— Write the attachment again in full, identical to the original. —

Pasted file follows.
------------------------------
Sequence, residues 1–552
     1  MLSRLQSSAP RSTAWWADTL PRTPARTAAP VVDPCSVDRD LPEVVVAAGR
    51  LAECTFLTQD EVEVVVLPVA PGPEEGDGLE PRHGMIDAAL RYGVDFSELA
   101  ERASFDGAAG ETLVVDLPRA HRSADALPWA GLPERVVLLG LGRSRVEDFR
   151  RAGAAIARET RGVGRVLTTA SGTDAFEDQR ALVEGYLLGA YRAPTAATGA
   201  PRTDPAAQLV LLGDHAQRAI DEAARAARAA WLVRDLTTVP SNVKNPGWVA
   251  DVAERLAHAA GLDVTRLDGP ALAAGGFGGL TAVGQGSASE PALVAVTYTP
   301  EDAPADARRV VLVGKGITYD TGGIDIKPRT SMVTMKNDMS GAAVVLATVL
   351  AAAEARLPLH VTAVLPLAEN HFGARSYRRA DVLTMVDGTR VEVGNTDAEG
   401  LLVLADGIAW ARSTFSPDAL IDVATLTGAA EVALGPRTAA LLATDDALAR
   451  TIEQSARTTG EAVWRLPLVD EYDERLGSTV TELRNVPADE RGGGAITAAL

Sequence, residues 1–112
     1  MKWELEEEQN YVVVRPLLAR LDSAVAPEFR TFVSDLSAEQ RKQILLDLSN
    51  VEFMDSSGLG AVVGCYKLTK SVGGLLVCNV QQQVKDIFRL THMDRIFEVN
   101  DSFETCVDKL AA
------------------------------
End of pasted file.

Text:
Sequence, residues 1–552
     1  MLSRLQSSAP RSTAWWADTL PRTPARTAAP VVDPCSVDRD LPEVVVAAGR
    51  LAECTFLTQD EVEVVVLPVA PGPEEGDGLE PRHGMIDAAL RYGVDFSELA
   101  ERASFDGAAG ETLVVDLPRA HRSADALPWA GLPERVVLLG LGRSRVEDFR
   151  RAGAAIARET RGVGRVLTTA SGTDAFEDQR ALVEGYLLGA YRAPTAATGA
   201  PRTDPAAQLV LLGDHAQRAI DEAARAARAA WLVRDLTTVP SNVKNPGWVA
   251  DVAERLAHAA GLDVTRLDGP ALAAGGFGGL TAVGQGSASE PALVAVTYTP
   301  EDAPADARRV VLVGKGITYD TGGIDIKPRT SMVTMKNDMS GAAVVLATVL
   351  AAAEARLPLH VTAVLPLAEN HFGARSYRRA DVLTMVDGTR VEVGNTDAEG
   401  LLVLADGIAW ARSTFSPDAL IDVATLTGAA EVALGPRTAA LLATDDALAR
   451  TIEQSARTTG EAVWRLPLVD EYDERLGSTV TELRNVPADE RGGGAITAAL

Sequence, residues 1–112
     1  MKWELEEEQN YVVVRPLLAR LDSAVAPEFR TFVSDLSAEQ RKQILLDLSN
    51  VEFMDSSGLG AVVGCYKLTK SVGGLLVCNV QQQVKDIFRL THMDRIFEVN
   101  DSFETCVDKL AA